Boys Basketball

Wilton’s Depth Again An Asset In Second-Round Win Over Newington

Wilton’s Kyle Shifrin puts up a foul shot in the second half of the Class L win over Newington. (Photo: Valerie Johnson)

WILTON — Depth was supposed to be one of the Wilton boys basketball team’s biggest assets this season, but that seemed like a lost commodity when repeated injuries, starting at midseason to the Warriors’ two best players, Jack Williams and Matt Kronenberg, sapped them of an important advantage.

On the day the Warriors got confirmation that Williams is indeed lost for the season after suffering a torn ACL in his left knee for the second time in less than a year, they again went to their bench to get unsung contributions that helped extend the season.

Ryan Schriber hit a pair of 3-point shots and Kyle Phillips was scoreless, but the two sophomores took turns guarding Newington star Jared Simmons in tonight’s Class L second-round game. Simmons finished with 22 points but never dominated, and Wilton patched together enough contributions to come away with a 64-57 win.

The sixth-seeded Warriors (19-6) will get one final home game, against No. 14 Crosby, in Monday’s quarterfinals.

“Ryan Schriber and Kyle Phillips, kids who don’t play a lot, played their butts off,” Wilton coach Joel Geriak said. “They took away (Simmons) the best they could.”

The outcome was secured, ironically, on what appeared to be Simmons’ best play of the night. Wilton had a 59-53 lead with 30.9 seconds left when Simmons heaved in an off-balance shot while being fouled. But the infraction occurred before the attempt, and Newington coach Scott Wenzel received a technical foul after arguing the call.

Simmons, with the Warriors over the limit, made two free throws and Matt Kronenberg answered with one of two for Wilton, which got possession and another free throw for Kronenberg, who finished with 19 points.

Wilton coach Joel Geriak watches his team during the win over Newington. (Photo: Dave Ruden)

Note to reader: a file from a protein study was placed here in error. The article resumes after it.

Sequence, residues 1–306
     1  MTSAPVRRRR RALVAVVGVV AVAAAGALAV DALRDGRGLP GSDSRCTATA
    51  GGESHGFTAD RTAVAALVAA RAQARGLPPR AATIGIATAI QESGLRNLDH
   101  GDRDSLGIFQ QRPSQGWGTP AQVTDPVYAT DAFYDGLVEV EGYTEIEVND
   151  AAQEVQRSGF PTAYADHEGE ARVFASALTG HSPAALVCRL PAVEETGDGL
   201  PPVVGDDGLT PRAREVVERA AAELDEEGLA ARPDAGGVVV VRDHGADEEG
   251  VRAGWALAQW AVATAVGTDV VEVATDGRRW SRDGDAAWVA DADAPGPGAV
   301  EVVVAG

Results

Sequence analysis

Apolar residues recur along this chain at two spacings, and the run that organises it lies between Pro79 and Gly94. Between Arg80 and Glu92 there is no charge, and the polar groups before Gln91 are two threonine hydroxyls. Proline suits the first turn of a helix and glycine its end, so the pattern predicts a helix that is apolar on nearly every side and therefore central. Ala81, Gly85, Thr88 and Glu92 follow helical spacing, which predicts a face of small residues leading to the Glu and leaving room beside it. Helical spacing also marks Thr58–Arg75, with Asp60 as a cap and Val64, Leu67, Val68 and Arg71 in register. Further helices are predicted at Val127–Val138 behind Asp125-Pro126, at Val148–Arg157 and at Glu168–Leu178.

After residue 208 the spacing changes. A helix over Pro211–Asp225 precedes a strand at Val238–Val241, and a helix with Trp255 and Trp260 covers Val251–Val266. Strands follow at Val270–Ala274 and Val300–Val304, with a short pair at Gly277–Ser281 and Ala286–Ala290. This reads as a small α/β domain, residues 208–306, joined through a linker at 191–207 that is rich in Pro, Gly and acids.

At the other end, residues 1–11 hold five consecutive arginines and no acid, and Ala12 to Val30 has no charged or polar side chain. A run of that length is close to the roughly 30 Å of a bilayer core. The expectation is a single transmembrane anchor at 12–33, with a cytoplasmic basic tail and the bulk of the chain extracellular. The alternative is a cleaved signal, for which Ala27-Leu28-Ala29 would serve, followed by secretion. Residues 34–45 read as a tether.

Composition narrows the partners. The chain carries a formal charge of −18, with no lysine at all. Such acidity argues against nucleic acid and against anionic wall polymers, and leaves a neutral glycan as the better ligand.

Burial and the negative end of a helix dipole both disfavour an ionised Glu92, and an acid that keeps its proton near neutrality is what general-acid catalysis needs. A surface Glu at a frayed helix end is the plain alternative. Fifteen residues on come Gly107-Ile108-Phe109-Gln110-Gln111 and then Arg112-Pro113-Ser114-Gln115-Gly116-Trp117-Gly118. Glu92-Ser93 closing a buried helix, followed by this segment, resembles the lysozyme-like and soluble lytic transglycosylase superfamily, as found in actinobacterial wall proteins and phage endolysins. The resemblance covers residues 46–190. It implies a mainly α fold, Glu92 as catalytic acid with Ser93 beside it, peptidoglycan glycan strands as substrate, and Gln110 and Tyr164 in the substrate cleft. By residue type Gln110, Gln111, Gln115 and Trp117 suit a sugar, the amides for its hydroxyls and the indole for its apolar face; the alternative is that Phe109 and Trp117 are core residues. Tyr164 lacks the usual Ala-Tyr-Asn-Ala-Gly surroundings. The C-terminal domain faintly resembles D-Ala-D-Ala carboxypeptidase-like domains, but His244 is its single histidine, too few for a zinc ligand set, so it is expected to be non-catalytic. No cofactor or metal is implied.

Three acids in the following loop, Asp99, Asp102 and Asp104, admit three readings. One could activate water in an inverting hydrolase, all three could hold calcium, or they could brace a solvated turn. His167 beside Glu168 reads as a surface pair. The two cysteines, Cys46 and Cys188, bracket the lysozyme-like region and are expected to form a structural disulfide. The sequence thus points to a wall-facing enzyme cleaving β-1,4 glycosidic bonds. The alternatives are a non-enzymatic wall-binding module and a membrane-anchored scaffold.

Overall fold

Like his coach, Kronenberg also pointed to the defensive play of Schriber and Phillips.

“It’s a great win,” Kronenberg said. “Everyone contributed. You have to call those two out. Simmons still dropped 20, he is a fantastic player, but it was a quiet 20 and we really suppressed him. We kept them off the boards. Overall it was a great team effort.”


Williams discovered he actually had been playing with a torn ACL since first injuring it in the regular season against Darien. He twice came back, but left last Thursday’s FCIAC championship loss to Ridgefield after aggravating it in the third quarter.

Wilton had Williams come out for the opening tip tonight, committing an infraction so he could immediately leave to a standing ovation.

“We gave Jack a little tribute, he deserved it. We gave him a walkoff,” Geriak said. “Game-wise, it was status quo from what we’ve been doing. We came out, played hard, stuck to the scouting report, taking (Simmons) away the best we could. He’s a good player. A couple of times we lost track and he hit one.”

Ironically, Schriber and Phillips played a role usually filled by Jack Wood, another senior who suffered a season-ending knee injury during the FCIAC Tournament.

“Coming into the season we knew we had the most depth in the entire conference, maybe in the state,” Kronenberg said. “With Jack being gone we all had to step up and pick up the scoring and rebounding, and most of all his leadership.”

Drew Connolly added 15 points for Wilton, which led for the final 11:45, but never by more than eight points.

Kronenberg said the double-overtime loss to the Tigers in both teams’ first league final appearances caused the Warriors to refocus.

“Personally my motivation was looking up at the rafters and it still being blank,” said Kronenberg, referring to the absence of a championship banner for boys basketball in the Zeoli Field House. “We used that for motivation. We knew we’re still a good team and could make a run.”